What Next: S&P/Case-Shiller Indices Next Tuesday

Last month’s report, for March 2011, confirmed that housing prices are headed down and that some cities have broken below the lows set in 2009.  As we approach the report for April due out on Tuesday June 28th at 9 AM, here’s a look at some recent data and comments which might give a hint to next week’s news.   The optimistic bits first.

Positives:

The Federal Housing Finance Agency (FHFA), the federal agency which watches over Fannie Mae and Freddie Mac, published their home price index.  In April their index was up 0.8%, the first increase since May 2010. The series is seasonally adjusted. However, this only covers homes where the mortgage has been sold to, or guaranteed by, Fannie Mae or Freddie Mac.   So this is only part of the market — a relatively stable part of the market and may not tell the whole story.  The National Association of Realtors reported prices rose 3.4% in May.  Housing Starts in April rose 3.3% to 560,000, better than expected.   While this means more houses to sell in coming months,  home builders are betting that the market is not getting worse.  Seasonal factors are becoming more favorable.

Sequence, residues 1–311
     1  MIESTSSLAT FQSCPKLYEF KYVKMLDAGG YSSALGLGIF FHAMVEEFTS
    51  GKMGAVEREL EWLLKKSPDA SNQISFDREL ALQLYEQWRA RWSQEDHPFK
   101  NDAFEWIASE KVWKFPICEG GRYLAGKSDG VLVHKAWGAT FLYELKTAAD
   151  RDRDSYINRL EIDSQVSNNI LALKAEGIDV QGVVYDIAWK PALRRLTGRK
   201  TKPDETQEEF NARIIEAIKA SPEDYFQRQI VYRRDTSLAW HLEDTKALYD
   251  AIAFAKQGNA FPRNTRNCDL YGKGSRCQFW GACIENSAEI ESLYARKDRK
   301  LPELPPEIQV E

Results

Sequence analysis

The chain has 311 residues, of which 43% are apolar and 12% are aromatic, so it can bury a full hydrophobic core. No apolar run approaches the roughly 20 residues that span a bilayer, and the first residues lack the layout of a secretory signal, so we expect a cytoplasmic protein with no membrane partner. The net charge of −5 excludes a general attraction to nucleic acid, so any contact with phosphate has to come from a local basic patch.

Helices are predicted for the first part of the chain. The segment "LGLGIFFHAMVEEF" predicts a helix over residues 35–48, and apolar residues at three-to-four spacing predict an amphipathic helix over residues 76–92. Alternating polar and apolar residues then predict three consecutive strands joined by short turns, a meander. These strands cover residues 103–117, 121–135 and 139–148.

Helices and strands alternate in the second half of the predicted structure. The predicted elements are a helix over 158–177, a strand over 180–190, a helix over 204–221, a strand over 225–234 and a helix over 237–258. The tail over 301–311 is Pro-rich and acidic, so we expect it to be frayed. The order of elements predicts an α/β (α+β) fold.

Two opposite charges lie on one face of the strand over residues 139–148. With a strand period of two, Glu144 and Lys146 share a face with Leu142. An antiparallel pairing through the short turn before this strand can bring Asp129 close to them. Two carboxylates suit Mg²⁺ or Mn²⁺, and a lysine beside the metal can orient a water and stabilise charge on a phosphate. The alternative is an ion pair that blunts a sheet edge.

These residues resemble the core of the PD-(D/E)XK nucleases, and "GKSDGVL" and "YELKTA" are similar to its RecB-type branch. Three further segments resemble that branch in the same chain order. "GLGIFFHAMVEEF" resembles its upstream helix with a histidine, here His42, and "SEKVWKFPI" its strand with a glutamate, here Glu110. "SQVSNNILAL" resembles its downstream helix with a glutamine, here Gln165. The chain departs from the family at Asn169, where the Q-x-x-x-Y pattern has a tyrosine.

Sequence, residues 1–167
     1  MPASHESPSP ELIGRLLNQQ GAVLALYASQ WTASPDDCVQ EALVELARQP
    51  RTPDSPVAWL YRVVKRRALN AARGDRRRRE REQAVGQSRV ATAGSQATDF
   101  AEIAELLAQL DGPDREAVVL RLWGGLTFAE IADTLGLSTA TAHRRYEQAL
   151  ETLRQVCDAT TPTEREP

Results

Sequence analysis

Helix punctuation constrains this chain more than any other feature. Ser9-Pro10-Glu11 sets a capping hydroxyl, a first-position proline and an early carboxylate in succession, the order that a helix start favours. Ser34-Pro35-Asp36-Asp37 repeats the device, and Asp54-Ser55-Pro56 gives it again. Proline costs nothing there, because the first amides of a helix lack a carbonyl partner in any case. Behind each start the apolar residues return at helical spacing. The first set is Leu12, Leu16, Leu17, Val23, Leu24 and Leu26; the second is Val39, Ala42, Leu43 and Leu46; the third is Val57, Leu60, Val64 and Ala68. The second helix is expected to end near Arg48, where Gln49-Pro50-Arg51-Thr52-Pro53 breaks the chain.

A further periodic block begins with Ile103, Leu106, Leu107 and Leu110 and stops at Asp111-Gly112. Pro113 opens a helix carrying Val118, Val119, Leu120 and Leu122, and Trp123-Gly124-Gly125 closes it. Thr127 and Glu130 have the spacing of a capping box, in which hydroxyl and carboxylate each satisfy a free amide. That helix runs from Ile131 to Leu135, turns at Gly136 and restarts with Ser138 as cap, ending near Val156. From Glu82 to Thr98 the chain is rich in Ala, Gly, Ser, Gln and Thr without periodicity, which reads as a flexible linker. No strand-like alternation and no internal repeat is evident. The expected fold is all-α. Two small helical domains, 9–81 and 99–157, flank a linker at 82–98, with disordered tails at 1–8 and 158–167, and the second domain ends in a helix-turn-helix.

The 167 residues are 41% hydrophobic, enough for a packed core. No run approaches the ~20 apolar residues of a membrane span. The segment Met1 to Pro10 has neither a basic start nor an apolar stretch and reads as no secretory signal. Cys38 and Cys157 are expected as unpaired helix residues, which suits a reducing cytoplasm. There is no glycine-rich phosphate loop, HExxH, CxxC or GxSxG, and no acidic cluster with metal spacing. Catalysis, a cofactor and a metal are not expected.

Neutral:

One could argue that the Fed’s recent comments are either bullish or bearish.  While the central bank confirmed that the economy was softer in April and May than in the first quarter, they confidently expect activity to pick up in the second half and don’t see much danger of a renewed economic downturn in the near future. 

Negatives:

May existing home sales fell 3.8% and April was revised down very slightly and Condo/coop sales fell 8.1% in May as well.  Sales of new homes also fell in May, down 2.1%. Prices of new homes were down over the last 12 months to May.  Consumer confidence weakened in preliminary June reading from the University of Michigan. Initial unemployment claims are holding steady abover 400,000. 

On balance, the economy is muddling through with slow growth amidst worries about Greece, oil prices and debates about the debt ceiling.  We’ll see where housing prices are next Tuesday.

S&P/Case-Shiller Home Price Indices for 20 Cities

Price Indices in the 20 Cities Tracked by S&P/Case-Shiller Indices

The posts on this blog are opinions, not advice.
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